By Christina Janansky
If the groundhog’s prediction is right, spring will be here before you know it. And, luckily for BU students, spring break is even sooner.
Perhaps you have plans for a relaxing, beachside getaway in Cancun. Or maybe you’ve arranged an action-packed ski trip to the Colorado slopes.
Perhaps, however, you desire a more exotic vacation. If that’s the case, sit tight: in a few years, you may spend spring break at your printed condominium on the moon.
Yes, the moon.
According to a recent Discovery News article, the European Space Agency has partnered up with architectural firm Foster + Partners in an attempt to “print” lunar bases. Using newly developed 3D printer technology, space engineers hope to create condominiums on the moon.
The idea of creating lunar bases existed long before the emergence of Star Wars and Star Trek. However, up until this point, space engineers struggled with logistics of such a massive and complex project.
They worried about the transportation of large and heavy materials; the shortcomings of traditional construction techniques in an extraterrestrial setting; the costs.
Though heavily researched, the potential project didn’t seem plausible, or possible. Until now.
ESA and the architecture firm are jointly exploring the concept of 3D printers. “Terrestrial” 3D printers, according to the article, have already been used in industry projects and the arts. However, the new partnership is testing the possibility of an “extraterrestrial” 3D printer using lunar materials.
The “ink” and “paper” materials have not yet been established. However, UK-based company, Monolite, has already developed a potential idea.
Monolite has created a demonstration printer that layers a sand-like material and combines it with a special type of salt. The combination of these two materials creates a solid stone-like structure.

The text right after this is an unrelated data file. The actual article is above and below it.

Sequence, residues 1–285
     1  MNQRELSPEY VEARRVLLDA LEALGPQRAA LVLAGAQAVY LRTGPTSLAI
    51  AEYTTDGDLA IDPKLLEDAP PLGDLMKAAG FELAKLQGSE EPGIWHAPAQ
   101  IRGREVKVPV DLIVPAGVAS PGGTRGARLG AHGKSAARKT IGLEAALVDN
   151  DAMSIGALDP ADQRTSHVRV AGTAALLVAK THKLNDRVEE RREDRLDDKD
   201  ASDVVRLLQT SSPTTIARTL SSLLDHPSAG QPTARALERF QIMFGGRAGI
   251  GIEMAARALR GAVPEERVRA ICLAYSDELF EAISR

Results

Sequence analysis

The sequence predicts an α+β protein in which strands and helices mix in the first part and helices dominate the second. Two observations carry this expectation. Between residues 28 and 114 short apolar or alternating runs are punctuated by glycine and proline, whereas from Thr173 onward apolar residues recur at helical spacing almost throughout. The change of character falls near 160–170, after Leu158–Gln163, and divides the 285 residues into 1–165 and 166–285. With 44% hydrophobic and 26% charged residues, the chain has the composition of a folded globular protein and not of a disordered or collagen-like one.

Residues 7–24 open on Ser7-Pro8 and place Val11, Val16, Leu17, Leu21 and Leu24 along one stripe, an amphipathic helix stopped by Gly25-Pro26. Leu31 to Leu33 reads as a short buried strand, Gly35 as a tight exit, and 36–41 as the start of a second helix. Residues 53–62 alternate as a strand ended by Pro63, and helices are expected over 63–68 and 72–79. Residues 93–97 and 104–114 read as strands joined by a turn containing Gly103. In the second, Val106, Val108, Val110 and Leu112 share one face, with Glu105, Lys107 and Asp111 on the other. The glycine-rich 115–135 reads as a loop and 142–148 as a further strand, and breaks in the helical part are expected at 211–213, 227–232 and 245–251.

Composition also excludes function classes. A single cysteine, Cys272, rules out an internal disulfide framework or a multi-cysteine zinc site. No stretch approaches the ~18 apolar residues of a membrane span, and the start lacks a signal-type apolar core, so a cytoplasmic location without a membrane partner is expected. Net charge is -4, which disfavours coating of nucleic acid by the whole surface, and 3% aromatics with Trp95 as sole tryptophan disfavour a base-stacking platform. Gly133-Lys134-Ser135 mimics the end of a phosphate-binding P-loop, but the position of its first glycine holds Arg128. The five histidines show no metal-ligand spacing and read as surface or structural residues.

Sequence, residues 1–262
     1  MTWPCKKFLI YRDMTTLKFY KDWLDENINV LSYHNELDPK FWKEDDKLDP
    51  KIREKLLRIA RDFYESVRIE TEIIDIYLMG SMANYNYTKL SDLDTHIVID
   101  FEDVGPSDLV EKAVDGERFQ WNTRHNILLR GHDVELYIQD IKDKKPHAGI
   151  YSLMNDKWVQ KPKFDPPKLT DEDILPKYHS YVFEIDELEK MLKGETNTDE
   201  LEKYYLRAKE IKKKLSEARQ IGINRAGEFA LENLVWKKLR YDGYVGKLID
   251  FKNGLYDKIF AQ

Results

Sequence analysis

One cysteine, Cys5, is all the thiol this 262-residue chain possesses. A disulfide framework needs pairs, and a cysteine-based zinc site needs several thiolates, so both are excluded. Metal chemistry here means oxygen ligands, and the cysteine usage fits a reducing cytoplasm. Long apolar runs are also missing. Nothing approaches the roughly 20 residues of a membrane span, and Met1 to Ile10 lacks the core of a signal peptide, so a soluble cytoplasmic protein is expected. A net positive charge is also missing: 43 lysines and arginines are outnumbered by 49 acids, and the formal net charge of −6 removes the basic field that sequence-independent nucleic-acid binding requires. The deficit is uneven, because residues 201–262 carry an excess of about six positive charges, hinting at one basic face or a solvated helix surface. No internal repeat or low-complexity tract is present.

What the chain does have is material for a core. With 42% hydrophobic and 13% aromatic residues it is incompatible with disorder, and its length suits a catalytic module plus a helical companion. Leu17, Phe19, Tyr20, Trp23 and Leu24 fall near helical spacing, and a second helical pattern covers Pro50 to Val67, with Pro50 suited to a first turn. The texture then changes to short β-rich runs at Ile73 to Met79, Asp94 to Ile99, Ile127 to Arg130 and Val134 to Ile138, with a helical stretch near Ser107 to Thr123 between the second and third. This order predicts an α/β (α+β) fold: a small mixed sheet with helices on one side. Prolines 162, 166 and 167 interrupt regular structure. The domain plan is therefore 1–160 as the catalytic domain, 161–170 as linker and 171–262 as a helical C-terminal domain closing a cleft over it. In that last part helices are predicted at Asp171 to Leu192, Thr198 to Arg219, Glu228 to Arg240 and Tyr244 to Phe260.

Sounds simple enough, right?
However, the Monolite founder, Enrico Dini, told Discovery News that creating the “paper” and “ink” for a lunar printer is trickier. So Monolite developed lunar paper by combining a simulated lunar material with magnesium oxide. And, for the ink, the company applied a special binding salt to create a solid, sound structure.
But there are other concerns with condominium construction on the moon.
Architects are concerned about the structural design, its weight-carrying capabilities and its efficiency in protecting future astronauts from space radiation and micrometeorites. Luckily, they’ve already developed a design—the pressurized “catenary” dome design. Architects believe this design will adequately support large weight and protect future astronauts.
So while there might not be life on the moon now, scientists predict there will be and hopefully soon.
And who knows? Perhaps reality television’s next big hit will be a moon-based variant of Lost in Space.